Document Type: Original Article
Emergency Department, Imam Hossein Hospital, Shahid Beheshti University of Medical Sciences, Tehran, Iran
Sina Trauma and Surgery Research Center, Tehran University of Medical Sciences, Tehran, Iran
Background: Blunt chest trauma is the third most important injury in patients with multiple trauma, thus the appropriate diagnosis is critical. Although chest X-rays (CXRs) are the most common diagnostic method, the physician should detect the imaging necessity and modality. Accordingly, NEXUS chest and thoracic injury rule-out criteria (TIRC) have been developed to prevent unnecessary radiographs in traumatized patients.
Objectives: In this study, the diagnostic accuracy of these two guidelines was compared in patients with multiple trauma.
Methods: In this cross-sectional study, eligible patients with chest blunt trauma, who referred to the Emergency Department of Imam Hossein Hospital from July 2016 to March 2018, were recruited. Demographic data, trauma and clinical information, and radiographic reports were recorded and the necessity of CXR was determined based on NEXUS chest and TIRC. Finally, the sensitivity, specificity, positive predictive value (PPV), and negative predictive value (NPV) were also calculated for NEXUS chest and TIRC.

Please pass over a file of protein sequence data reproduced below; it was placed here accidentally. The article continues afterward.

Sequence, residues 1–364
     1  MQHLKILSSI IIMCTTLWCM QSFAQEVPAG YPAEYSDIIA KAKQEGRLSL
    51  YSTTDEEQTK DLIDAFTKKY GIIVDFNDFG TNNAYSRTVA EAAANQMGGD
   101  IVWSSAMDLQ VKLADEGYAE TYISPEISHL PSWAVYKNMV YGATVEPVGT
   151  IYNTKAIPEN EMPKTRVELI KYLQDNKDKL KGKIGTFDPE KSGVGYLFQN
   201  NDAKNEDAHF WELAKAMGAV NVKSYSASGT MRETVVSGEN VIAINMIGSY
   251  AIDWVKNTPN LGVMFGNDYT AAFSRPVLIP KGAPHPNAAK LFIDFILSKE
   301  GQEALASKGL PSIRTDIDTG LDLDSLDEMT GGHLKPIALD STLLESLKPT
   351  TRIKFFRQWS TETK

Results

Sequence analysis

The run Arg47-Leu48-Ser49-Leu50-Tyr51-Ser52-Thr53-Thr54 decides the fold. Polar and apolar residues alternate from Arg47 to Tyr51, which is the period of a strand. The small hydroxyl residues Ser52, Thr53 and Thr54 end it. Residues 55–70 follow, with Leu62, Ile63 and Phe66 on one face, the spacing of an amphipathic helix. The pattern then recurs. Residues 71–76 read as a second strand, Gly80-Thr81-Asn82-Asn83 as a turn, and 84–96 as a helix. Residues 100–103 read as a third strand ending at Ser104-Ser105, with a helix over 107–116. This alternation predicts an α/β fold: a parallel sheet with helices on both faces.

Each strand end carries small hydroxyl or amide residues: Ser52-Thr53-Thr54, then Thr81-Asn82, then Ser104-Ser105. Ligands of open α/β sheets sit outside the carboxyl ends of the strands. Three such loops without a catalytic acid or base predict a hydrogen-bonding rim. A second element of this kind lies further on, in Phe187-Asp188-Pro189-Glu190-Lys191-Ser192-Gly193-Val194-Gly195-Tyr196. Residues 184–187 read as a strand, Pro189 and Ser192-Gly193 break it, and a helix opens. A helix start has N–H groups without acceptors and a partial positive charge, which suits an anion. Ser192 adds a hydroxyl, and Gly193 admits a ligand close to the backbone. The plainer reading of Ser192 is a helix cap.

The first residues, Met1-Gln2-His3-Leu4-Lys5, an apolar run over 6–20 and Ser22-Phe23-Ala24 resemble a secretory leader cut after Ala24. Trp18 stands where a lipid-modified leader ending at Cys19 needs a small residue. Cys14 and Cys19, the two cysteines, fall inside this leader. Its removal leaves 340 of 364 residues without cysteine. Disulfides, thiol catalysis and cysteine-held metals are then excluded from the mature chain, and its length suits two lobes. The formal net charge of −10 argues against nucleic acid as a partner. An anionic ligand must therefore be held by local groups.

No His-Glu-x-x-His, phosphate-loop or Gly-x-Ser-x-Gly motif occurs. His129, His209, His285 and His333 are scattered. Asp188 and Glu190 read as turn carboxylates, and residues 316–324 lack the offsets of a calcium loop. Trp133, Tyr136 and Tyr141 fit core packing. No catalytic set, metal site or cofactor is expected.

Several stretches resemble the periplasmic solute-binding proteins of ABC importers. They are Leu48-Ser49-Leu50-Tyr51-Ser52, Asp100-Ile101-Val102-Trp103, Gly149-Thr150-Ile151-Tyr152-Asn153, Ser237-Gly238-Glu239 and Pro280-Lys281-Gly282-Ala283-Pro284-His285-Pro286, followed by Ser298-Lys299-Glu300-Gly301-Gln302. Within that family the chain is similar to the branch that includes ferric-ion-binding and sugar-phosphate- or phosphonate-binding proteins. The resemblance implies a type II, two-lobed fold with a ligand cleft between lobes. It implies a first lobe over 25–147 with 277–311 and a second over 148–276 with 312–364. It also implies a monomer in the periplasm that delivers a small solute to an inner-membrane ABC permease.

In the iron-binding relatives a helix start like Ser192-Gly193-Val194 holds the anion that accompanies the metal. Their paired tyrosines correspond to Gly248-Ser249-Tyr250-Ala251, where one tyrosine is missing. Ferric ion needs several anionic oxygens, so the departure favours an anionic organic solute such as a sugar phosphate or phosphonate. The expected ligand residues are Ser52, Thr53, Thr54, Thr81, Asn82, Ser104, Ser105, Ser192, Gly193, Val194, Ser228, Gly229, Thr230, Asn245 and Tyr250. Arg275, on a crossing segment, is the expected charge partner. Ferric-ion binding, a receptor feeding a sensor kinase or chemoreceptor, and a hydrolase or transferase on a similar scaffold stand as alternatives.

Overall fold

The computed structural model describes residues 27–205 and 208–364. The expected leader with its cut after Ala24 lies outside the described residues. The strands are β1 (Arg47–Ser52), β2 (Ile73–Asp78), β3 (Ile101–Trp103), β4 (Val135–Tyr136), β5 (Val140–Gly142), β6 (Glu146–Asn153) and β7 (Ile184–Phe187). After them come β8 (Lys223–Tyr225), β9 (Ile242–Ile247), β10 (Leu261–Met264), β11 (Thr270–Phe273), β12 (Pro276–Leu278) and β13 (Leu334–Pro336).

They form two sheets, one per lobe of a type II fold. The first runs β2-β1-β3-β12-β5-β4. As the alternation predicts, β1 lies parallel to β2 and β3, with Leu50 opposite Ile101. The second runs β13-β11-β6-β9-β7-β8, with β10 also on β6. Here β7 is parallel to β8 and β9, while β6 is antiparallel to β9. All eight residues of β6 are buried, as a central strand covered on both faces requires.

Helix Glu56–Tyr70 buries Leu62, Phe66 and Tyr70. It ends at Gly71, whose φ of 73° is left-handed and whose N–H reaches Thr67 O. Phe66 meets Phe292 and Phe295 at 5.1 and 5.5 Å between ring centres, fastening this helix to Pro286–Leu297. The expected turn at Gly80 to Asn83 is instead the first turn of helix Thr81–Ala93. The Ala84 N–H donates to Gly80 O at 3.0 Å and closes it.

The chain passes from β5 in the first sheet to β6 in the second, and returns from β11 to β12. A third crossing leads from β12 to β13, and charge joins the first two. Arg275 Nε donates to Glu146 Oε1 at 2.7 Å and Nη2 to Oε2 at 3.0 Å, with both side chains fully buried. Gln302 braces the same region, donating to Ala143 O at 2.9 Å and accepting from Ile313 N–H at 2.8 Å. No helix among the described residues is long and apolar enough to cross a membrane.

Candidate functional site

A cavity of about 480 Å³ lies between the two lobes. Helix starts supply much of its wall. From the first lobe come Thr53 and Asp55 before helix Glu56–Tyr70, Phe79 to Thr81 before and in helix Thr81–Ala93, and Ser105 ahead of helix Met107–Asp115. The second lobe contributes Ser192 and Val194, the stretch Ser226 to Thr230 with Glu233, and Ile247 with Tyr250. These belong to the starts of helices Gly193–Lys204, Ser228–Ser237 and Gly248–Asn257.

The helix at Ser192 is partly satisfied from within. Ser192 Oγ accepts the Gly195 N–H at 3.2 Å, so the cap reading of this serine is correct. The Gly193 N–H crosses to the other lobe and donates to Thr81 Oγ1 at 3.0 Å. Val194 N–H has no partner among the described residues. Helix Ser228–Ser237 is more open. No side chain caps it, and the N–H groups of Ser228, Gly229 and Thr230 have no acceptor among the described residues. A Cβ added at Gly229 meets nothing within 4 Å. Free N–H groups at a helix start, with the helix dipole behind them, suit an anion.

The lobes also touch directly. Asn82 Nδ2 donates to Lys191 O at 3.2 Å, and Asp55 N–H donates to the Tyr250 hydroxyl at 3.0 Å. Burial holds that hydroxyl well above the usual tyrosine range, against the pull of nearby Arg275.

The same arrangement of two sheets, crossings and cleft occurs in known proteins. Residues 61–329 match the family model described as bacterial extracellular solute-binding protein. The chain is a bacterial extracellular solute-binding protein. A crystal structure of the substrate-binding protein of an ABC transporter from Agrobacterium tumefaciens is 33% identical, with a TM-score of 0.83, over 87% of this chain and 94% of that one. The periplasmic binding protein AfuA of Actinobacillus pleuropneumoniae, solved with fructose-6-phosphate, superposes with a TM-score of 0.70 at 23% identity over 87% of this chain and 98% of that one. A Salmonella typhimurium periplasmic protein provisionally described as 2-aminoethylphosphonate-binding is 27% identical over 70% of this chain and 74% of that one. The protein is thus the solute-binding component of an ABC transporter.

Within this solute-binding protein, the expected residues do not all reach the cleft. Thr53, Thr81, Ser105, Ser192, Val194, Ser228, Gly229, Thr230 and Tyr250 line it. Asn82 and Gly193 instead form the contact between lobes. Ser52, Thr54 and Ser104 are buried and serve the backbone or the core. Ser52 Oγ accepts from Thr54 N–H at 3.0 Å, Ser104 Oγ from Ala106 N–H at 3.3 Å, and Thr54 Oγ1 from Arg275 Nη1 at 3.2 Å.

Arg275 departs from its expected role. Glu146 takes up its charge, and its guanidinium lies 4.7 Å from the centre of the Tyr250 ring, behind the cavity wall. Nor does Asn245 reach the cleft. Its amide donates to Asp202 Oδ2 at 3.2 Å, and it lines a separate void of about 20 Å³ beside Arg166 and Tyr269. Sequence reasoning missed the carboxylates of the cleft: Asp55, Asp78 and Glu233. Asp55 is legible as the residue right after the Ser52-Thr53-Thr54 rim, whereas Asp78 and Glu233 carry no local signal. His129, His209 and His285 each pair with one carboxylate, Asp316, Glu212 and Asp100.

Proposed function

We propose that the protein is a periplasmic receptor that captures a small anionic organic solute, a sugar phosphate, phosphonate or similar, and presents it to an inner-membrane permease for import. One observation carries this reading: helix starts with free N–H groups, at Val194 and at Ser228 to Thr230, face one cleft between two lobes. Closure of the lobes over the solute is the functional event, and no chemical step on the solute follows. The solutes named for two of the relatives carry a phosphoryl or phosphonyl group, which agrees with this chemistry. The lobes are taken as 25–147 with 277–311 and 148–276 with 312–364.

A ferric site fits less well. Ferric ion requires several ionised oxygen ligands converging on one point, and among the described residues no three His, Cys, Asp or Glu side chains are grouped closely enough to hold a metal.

Results: In this study, 1925 patients with a mean age of 43.7 ± 9.16 years were evaluated (55% male). The sensitivity, specificity, PPV, NPV of TIRC in the diagnosis of traumatic chest injury were 93.6%, 84.9%, 24.03%, and 99.6%, respectively, and those of NEXUS in the diagnosis of traumatic chest injuries were 97.84%, 51.80%, 93.43%, and 99.79%, respectively. There was no significant difference in diagnostic accuracy between TIRC and NEXUS chest models.
Conclusions: This study showed that NEXUS chest and TIRC have equal values in predicting traumatized chest injuries. Parameters of TIRC are easily measurable in ED and do not require subjective assessments, such as mechanisms and velocity of trauma or fall height. Therefore, the TIRC model seems to be a better tool than NEXUS in detecting injury to the chest and reducing the risk of radiation exposure.